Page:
Corneal Haze

cornea
Eye doctor examination the cornea.. IAN HOOTON/SPL

Definition: Corneal haze describes a cloudy or opaque appearance of the cornea. The cornea is the clear front window of the eye. It is the part of the eye that transmits and focuses light into the eye. The cornea is a fairly complex structure that has five layers. If this part of your eye becomes damaged through disease, infection, or injury, scarring can interfere with your vision by blocking or distorting light as it enters the eye.

The cornea is normally clear, so corneal haze can greatly impair your vision. Although the haze can occur in any part of the cornea, it is most often found within the thicker, middle layer of the cornea, called the stroma. 

Symptoms of Corneal Haze

Corneal haze may cause vision to be blurry, unfocused or obscured. It can also cause halos to be visible around light, especially at night or in the dark. Sometimes, however, corneal haze does not cause any vision problems at all, although a doctor can usually detect it during an eye examination.

Causes of Corneal Haze

Corneal haze is most often appears after suffering a trauma, infection or surgery. It is usually caused by inflammatory cells and other debris that is activated inside the eye. Corneal haze also sometimes occurs during laser vision correction procedures. Although it can occur in LASIK, it is more often associated with procedures such as PRK or LASEK.

Treatment of Corneal Haze

When corneal haze appears after surgery or other wound, it will usually disappear as the eye heals. In more severe cases, a doctor may prescribe eye drops or other medication. Haze that develops following refractive surgery normally resolves after a few days, but sometimes takes up to six months.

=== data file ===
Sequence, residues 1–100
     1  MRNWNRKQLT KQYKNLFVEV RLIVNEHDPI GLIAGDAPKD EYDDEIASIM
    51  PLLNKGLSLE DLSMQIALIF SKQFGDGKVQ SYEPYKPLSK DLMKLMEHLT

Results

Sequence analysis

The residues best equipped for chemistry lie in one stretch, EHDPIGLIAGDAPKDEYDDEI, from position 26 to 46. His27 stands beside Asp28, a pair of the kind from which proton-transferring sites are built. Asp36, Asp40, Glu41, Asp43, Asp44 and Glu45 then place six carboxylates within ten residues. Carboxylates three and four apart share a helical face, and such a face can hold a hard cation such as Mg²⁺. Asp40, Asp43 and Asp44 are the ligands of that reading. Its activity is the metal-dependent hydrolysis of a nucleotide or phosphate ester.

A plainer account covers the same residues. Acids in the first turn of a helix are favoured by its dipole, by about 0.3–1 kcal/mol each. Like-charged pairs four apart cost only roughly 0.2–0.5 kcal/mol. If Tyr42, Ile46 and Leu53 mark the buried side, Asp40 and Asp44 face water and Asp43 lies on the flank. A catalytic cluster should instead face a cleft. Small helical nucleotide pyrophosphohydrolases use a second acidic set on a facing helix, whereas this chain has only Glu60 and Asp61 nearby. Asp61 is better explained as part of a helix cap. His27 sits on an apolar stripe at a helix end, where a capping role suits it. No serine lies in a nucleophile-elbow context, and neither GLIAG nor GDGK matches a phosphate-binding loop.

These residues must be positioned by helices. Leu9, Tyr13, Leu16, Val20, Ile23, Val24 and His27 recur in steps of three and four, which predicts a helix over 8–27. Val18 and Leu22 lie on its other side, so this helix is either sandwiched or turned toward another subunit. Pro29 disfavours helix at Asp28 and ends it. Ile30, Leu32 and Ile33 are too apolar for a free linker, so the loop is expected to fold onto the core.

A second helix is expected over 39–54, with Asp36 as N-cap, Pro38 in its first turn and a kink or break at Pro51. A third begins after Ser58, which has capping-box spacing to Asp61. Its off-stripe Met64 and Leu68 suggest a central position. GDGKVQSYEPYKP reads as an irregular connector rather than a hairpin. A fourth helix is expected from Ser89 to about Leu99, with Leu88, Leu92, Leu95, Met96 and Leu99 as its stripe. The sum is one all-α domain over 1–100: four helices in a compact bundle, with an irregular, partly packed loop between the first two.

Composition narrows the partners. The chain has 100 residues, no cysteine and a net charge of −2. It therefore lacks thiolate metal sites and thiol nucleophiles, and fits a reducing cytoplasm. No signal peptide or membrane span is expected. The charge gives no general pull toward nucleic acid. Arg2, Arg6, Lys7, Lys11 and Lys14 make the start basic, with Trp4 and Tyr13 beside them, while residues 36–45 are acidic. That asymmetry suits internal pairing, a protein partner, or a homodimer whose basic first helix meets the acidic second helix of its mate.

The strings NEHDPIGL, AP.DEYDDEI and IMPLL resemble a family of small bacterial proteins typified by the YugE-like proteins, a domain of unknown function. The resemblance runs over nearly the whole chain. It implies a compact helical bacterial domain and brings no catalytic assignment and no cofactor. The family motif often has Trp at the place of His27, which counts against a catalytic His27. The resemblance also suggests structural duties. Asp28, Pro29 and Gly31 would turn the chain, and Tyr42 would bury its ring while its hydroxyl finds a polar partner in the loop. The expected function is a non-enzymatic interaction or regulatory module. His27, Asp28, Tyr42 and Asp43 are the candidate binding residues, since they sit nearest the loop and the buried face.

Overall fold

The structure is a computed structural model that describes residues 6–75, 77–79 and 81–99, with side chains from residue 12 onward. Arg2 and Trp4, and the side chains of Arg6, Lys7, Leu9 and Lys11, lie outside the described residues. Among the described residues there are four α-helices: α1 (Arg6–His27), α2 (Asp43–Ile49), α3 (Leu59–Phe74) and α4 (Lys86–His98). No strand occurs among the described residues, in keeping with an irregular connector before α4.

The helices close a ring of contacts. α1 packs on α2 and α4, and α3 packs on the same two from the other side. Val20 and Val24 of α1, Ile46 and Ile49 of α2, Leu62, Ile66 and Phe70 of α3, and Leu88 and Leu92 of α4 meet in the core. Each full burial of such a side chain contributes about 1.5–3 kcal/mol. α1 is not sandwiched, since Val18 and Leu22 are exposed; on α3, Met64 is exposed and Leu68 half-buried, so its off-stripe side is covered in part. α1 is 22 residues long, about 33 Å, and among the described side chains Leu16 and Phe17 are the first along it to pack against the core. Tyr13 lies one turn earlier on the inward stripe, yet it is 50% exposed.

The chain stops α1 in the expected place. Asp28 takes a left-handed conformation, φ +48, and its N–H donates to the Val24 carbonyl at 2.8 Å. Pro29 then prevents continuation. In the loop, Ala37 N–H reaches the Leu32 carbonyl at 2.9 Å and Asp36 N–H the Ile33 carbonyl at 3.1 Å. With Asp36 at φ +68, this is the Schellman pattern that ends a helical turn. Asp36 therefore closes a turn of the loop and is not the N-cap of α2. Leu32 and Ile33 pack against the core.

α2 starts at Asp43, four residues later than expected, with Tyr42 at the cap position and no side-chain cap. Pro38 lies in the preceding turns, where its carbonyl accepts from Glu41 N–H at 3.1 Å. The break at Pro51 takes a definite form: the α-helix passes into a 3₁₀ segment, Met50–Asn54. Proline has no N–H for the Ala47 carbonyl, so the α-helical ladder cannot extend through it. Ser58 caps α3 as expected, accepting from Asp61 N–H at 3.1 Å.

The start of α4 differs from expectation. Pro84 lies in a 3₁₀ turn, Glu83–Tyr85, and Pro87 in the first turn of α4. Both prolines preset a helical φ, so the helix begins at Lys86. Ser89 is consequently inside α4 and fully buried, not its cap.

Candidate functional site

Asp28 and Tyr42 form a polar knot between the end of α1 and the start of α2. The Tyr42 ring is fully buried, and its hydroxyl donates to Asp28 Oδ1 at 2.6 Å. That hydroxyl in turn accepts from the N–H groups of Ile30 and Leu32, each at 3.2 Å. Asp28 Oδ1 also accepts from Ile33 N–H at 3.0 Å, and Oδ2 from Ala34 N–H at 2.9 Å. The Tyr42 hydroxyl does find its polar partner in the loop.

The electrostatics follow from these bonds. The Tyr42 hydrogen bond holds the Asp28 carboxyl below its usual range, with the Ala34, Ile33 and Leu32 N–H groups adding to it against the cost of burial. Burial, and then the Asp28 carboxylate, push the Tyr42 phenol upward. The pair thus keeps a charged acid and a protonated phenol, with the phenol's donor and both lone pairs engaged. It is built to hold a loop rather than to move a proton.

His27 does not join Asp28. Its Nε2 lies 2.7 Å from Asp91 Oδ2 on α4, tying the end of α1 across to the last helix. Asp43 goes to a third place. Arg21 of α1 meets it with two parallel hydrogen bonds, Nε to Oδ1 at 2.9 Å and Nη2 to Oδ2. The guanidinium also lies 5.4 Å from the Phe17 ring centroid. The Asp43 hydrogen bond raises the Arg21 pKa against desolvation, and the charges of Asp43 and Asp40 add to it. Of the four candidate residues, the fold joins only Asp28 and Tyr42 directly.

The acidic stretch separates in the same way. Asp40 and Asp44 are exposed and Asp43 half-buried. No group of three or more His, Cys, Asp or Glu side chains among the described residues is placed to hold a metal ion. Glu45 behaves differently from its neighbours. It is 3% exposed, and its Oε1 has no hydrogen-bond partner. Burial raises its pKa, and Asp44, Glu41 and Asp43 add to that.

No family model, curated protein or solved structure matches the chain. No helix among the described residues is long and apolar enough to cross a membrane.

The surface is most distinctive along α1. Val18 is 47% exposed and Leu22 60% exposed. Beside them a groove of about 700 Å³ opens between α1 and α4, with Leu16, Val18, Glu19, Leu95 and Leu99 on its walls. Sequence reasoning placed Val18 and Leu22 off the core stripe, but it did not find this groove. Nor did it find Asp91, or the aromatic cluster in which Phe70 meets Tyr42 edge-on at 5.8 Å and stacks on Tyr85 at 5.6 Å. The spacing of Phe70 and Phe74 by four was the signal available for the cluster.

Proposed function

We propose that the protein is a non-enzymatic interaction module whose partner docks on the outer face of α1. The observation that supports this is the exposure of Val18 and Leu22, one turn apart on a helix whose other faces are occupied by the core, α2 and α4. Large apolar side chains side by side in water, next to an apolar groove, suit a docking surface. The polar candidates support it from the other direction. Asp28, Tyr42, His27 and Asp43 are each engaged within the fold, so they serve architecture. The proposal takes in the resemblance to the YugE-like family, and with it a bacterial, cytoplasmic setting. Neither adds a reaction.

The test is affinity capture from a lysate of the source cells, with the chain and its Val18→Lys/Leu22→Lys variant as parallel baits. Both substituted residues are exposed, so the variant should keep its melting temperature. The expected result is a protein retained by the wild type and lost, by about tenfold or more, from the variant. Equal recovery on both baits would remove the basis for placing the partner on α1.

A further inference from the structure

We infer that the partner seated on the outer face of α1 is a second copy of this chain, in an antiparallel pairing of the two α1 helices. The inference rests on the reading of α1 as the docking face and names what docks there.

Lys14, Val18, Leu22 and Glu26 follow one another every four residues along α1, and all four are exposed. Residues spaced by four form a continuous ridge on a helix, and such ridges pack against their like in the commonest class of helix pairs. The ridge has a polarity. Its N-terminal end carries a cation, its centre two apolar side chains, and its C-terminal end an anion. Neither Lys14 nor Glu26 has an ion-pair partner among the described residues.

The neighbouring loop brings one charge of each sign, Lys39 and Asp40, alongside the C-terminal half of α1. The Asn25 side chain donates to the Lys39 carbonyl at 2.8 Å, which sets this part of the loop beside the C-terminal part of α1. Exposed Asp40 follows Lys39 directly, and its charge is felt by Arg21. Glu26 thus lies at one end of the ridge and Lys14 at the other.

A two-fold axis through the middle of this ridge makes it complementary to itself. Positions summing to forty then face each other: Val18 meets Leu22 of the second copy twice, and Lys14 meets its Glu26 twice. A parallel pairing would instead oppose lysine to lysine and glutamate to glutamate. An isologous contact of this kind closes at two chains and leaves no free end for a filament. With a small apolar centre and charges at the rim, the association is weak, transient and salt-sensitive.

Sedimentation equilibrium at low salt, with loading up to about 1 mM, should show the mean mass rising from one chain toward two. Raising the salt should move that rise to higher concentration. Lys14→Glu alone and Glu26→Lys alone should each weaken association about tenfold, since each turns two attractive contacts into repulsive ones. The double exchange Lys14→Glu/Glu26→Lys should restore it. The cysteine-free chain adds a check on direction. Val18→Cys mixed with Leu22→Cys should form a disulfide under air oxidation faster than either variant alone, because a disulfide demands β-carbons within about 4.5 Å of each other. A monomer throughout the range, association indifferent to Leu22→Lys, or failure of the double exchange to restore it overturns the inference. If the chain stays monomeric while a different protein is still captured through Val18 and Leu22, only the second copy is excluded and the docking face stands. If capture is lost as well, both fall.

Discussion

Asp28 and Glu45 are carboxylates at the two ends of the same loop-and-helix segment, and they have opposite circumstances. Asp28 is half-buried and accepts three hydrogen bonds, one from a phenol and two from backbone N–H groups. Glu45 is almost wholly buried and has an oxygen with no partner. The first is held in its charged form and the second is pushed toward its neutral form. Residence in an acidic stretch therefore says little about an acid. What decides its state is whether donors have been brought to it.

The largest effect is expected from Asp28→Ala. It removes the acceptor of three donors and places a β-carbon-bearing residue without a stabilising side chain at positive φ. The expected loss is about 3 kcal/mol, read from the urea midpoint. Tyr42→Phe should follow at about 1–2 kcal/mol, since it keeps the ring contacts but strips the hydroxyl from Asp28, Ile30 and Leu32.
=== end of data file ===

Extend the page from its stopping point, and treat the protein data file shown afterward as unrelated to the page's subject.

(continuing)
Corneal haze is usually successfully treated in post-laser surgery patients with steroid eye drops. The symptoms of seeing halos and glare usually resolve before the haze fully disappears. 

Preventing Corneal Haze

If your eyes are not healthy or if your overall health is suffering, you are more likely to develop corneal haze after having refractive surgery. However, haze is not common in LASIK patients, even when the amount of correction is high. It's a good idea to choose LASIK instead of PRK, LASEK, or Epi-Lasik if you have a high prescription.

Researchers have found that patients who take 500 mg of vitamin C twice a day for a week before PRK, LASEK, or Epi-Lasik and at least two weeks after surgery may be less likely to develop corneal haze. Also, using certain eye drops during surgery reduces the probability of developing corneal haze. Ask your eye surgeon for recommendations. 

What You Should Know

The symptoms of corneal haze are not always associated with refractive surgery. Corneal haze can be caused by serious problems that may require immediate attention.

If you develop symptoms of corneal haze, it is best to see an eye doctor immediately.

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